1. Safe Harbor 1: If the borrower, in good faith, is able to document that it was unable to operate between February 15, 2020, and the end of the Covered Period at the same level of business activity as before February 15, 2020, due to compliance with requirements established or guidance issued between March 1, 2020 and December 31, 2020, by the Secretary of Health and Human Services, the Director of the Centers for Disease Control and Prevention, or the Occupational Safety and Health Administration (includes both direct and indirect compliance with COVID requirements and guidance, such as state and local government shutdown orders that are based in part on guidance from the three federal agencies [based on the Interim Final Rule posted June 22, 2020]), related to the maintenance of standards for sanitation, social distancing, or any other worker or customer safety requirement related to COVID-19.
      2. Safe Harbor 2: If both of the following conditions are met: (1) the borrower reduced its FTE employee level in the period beginning February 15, 2020, and ending April 26, 2020; and (2) the borrower then restored its FTE employee levels as of the earlier of December 31, 2020 or the date of the forgiveness application to its FTE employee levels in the borrower’s pay period that included February 15, 2020.
    • FTE Reduction Exceptions: Any FTE reductions in the following cases do not reduce the borrower’s loan forgiveness: the FTE of (1) any positions for which the borrower made a good-faith, written offer to rehire an individual who was an employee on February 15, 2020 and the borrower was unable to hire similarly qualified employees for unfilled positions on or before December 31, 2020; (2) any positions for which the borrower made a good-faith, written offer to restore any reduction in hours, at the same salary or wages, during the Covered Period (or the Alternative Payroll Covered Period) and the employee rejected the offer, and (3) any employees who during the Covered Period (or the Alternative Payroll Covered Period) (a) were fired for cause, (b) voluntarily resigned, or (c) voluntarily requested and received a reduction of their hours. In all of these cases, include the FTE on the form only if the position was not filled by a new employee.
      • Employee Declines the Offer to Rehire: The FAQs emphasize that the borrower is required to inform the applicable state unemployment insurance office of any employee’s rejected rehire offer within 30 days of the employee’s rejection of the offer. The documents that the borrower should maintain to show compliance with this exemption include the written offer to rehire an individual, a written record of the offer’s rejection, and a written record of efforts to hire a similarly qualified individual.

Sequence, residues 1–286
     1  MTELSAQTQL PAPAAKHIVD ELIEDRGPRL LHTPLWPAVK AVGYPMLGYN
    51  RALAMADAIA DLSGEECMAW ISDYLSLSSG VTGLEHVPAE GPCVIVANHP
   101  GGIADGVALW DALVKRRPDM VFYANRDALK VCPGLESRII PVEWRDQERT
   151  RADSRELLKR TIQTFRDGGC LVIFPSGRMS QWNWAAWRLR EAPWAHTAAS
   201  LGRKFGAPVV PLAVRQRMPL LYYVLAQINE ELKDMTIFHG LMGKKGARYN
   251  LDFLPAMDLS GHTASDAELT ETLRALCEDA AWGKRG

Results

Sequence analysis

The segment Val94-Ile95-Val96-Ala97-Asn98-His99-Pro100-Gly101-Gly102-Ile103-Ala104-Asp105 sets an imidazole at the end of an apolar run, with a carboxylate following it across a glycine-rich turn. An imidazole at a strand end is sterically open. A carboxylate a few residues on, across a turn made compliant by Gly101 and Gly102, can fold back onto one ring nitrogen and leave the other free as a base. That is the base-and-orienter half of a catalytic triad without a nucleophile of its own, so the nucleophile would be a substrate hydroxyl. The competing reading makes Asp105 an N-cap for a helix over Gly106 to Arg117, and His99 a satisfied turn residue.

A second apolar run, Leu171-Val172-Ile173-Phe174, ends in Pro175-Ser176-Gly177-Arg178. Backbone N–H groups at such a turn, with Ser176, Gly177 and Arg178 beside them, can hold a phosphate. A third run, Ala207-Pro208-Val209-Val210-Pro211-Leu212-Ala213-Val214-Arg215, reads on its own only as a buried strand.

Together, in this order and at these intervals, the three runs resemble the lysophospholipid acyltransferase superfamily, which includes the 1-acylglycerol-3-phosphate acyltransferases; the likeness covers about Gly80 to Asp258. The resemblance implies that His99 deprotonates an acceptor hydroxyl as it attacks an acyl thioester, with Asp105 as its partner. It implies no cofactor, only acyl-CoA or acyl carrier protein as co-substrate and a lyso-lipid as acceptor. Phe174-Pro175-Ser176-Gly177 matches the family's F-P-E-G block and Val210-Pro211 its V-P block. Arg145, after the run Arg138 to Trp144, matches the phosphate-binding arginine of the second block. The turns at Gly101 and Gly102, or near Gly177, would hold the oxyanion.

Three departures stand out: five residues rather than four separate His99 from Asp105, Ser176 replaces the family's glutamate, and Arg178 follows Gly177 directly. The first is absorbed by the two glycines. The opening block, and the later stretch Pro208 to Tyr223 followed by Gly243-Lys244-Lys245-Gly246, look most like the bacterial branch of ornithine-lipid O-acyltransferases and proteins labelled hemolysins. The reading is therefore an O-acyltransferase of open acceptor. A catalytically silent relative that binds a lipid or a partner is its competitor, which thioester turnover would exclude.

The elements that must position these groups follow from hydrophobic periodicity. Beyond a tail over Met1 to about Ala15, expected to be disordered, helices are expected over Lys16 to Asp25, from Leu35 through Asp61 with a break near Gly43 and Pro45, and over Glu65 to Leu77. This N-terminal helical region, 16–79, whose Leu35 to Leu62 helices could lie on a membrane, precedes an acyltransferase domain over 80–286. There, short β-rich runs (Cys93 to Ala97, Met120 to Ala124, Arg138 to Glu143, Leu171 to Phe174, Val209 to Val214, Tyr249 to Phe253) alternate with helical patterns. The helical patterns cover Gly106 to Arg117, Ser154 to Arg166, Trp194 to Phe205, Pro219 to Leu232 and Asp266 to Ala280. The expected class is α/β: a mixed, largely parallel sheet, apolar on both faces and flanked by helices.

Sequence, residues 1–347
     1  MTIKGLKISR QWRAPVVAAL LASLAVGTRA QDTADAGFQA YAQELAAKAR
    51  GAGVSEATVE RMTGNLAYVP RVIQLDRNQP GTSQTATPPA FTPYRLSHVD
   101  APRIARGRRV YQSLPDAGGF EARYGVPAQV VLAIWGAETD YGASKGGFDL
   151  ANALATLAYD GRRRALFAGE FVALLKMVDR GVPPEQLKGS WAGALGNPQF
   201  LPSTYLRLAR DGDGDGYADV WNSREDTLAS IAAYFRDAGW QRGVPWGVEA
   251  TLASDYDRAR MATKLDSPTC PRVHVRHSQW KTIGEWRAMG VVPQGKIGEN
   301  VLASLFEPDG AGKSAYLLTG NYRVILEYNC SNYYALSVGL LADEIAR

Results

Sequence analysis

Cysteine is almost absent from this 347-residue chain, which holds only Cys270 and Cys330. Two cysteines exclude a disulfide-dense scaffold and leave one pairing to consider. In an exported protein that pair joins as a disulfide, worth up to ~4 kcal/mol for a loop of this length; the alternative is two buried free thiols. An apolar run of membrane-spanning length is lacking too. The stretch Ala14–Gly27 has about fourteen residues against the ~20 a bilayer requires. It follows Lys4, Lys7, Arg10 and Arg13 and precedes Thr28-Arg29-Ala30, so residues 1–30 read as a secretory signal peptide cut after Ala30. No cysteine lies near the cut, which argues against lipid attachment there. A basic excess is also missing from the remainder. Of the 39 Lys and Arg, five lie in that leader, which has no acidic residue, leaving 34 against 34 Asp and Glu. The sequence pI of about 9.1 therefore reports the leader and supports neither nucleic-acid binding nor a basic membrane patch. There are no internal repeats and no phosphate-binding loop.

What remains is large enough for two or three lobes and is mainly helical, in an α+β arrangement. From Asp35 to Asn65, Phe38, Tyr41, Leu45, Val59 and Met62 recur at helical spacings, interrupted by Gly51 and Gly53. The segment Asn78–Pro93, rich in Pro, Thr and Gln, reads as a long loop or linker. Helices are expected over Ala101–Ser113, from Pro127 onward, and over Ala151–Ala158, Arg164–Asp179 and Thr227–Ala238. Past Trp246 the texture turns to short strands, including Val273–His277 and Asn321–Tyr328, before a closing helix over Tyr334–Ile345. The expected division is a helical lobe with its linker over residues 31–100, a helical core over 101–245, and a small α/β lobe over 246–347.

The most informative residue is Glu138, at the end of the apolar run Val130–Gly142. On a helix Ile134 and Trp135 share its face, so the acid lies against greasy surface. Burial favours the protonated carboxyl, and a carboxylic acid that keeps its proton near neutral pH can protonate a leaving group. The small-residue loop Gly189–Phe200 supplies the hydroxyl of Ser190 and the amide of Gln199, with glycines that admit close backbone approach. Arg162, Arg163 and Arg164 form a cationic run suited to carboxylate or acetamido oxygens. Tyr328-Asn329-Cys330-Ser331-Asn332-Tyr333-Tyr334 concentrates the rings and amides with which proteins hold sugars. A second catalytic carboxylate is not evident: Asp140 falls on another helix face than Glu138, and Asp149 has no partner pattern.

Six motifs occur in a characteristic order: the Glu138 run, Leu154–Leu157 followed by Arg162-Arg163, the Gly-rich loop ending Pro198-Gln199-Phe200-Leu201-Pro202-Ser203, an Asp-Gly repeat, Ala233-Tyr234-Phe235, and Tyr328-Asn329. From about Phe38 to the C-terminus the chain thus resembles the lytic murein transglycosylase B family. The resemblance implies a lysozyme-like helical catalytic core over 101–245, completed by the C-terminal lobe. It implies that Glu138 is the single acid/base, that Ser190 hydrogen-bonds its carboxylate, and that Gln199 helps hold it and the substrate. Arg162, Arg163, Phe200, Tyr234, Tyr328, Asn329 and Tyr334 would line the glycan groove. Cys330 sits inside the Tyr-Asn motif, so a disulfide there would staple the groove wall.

• Include Employees Who Made More Than $100,000: The FTE Reduction Exceptions apply to all employees, not just those who would be listed in Table 1 of the SBA Form 3508 or lender equivalent. A borrower must include employees who made more than $100,000 in the FTE Reduction Exception line in Table 1 of the PPP Schedule A.
  9. FORGIVENESS REDUCTIONS BASED ON SALARY/HOURLY WAGES: The SBA Form 3508 Instructions and the FAQs provide some direction on implementation of the statutory requirement concerning reductions in employee salary and wages. The actual amount of loan forgiveness depends on whether the salary or hourly wages of certain employees (those employees whose salaries or hourly wages were reduced by more than 25% during the Covered Period or the Alternative Payroll Covered Period) was less than during the period from January 1, 2020, to March 31, 2020. If the borrower restored salary/hourly wage levels, the borrower might be eligible for elimination of the salary/hourly wage reduction amount. 
    • Examples of How to Calculate the Reduction in Loan Forgiveness Amount Arising From Reductions in Employee Salary or Hourly Wage: Certain pay reductions during the Covered Period or the Alternative Payroll Covered Period may reduce the amount of loan forgiveness a borrower will receive. If the salary or hourly wage of a covered employee is reduced by more than 25% during the Covered Period or the Alternative Payroll Covered Period, the portion in excess of 25% reduces the eligible forgiveness amount unless the borrower satisfies the Salary/Hourly Wage Reduction Safe Harbor (as described in SBA Form 3508 or lender equivalent). The FAQscontain three examples and assume that each employee is a “covered employee.”
    • Only Salaries and Wages: For purposes of calculating the loan forgiveness reduction required for salary/hourly wage reductions in excess of 25% for certain employees, the borrower should only take into account decreases in salaries or wages.
  10. DOCUMENTS: The forgiveness applications issued by the SBA require that they be accompanied with detailed documentation and that additional documents be retained by the borrower. If the lender identifies errors in the borrower’s calculations or material lack of substantiation in the borrower’s supporting documents in the loan forgiveness applications, the lender is to work with the borrower to remedy the issue. Borrowers should take the time to make sure they have both the accompanying documentation and the documents to be retained available at the time of the submission. A borrower should not put off getting the “retained” documents together. The SBA has a right to request that information as part of its review. If the borrower does not promptly provide documents, this might cause delays and possibly denial of forgiveness. In addition, certain documents are required for appeals of certain SBA decisions. See “Key Considerations for PPP Documentation” and “A Guide to the SBA PPP Loan Forgiveness Review Process.”

We encourage you to visit Schwabe’s COVID-19CARES Act, and PPP Portal resource pages frequently for information. For additional assistance, please contact an attorney.

Professionals

Related Services

Related Industries

Written By

Share